Cattle preferences for Lambert locoweed over white locoweed.

Author: 
Ralphs, M.H.
Greathouse, G.
Knight, A.P.
James, L.F.
Publisher: 
Rangeland Ecology & Management / Journal of Range Management Archives
Publication Year: 
2001
Description: 
White (Oxytropis sericea Nutt. in T.& G.) and Lambert (O. lambertii var. biglovii Pursh) locoweed grow adjacent to each other on the foothills of the Rocky Mountains from southeastern Wyoming to northeastern New Mexico. Lambert locoweed matures later and flowers about 3-4 weeks after white locoweed, thus potentially increasing the critical period of poisoning when livestock graze areas infested by both species. The objective of this study was to evaluate cattle consumption of these 2 species as they progress phenologically. In 1998, 15 Hereford cows grazed a 32 ha pasture infested with both species from the time white locoweed flowered in mid June until both species were mature and senesced in August. In 1999, 4 cows were placed in a 5 ha pasture infested with both species for 4 days in each of the following periods: (1) flower stage of white locoweed, (2) flower stage of Lambert locoweed, immature pod at white locoweed, (3) immature pod stage of Lambert locoweed, mature pod while (4) mature pod and seed shatter stage respectively. Diets were estimated by bite-count. Lambert locoweed was preferred over white locoweed in the season-long grazing trial in 1998, and in each of the 4 intensive grazing trials in 1999. The cows consumed white locoweed as availability of Lambert locoweed declined in 1998, but little white locoweed was consumed in the 4 intensive grazing trials in 1999. The toxic locoweed alkaloid swainsonine ranged from 0.04 to 0.06% in white locoweed, but was not detected in Lambert locoweed in this study.DOI:10.2458/azu_jrm_v54i3_ralphs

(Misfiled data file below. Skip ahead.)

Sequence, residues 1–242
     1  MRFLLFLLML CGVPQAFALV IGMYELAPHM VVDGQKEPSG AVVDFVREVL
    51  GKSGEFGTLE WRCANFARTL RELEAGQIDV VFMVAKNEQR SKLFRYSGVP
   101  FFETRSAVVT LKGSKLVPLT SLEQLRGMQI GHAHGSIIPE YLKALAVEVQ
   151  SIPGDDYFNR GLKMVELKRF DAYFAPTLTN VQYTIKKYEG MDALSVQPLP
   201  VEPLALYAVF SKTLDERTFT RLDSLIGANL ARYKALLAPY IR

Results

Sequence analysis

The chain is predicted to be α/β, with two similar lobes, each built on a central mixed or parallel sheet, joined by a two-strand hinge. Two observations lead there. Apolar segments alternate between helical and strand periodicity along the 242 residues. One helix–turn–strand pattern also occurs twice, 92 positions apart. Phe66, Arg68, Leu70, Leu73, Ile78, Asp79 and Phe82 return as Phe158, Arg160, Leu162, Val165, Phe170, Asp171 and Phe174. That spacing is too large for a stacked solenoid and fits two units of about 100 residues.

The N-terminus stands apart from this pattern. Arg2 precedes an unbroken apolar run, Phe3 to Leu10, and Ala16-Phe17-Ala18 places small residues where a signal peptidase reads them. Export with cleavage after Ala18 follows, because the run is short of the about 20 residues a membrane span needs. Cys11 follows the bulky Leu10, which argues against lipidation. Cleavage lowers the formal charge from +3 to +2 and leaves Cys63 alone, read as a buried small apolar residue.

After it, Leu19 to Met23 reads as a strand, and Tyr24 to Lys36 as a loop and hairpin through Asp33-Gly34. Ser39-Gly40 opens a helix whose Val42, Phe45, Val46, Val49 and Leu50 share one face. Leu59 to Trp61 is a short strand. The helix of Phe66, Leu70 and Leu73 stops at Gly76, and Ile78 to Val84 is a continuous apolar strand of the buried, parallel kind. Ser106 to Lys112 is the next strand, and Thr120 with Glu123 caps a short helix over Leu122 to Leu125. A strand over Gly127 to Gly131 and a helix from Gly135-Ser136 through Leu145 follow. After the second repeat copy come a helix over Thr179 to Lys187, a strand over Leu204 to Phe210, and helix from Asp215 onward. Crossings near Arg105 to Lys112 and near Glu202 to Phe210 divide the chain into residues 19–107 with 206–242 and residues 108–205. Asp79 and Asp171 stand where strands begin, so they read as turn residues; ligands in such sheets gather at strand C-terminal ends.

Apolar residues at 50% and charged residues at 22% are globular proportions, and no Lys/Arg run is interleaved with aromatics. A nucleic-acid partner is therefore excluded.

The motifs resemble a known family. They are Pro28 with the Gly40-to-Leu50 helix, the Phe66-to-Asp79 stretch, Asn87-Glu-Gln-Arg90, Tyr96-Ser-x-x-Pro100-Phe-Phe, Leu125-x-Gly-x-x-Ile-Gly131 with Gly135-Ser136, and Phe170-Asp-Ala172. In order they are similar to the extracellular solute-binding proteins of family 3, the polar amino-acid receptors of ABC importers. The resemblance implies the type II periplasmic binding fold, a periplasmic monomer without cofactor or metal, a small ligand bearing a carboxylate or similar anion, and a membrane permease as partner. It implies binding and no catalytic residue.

Document Type: 
Journal Issue/Article
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Rangeland Ecology & Management (formerly the Journal of Range Management) serves as a forum for the presentation and discussion of facts, ideas, and philosophies pertaining to the study, management, ecology, and use of rangelands and their resources. The journal is peer-reviewed and provides international exchange of scholarly research and information among persons interested in rangelands. The Global Rangelands collection includes REM content up to 5 years from the current year. More recent content is available by subscription from BioOne and the Society for Range Management, and may be available at your local university library.
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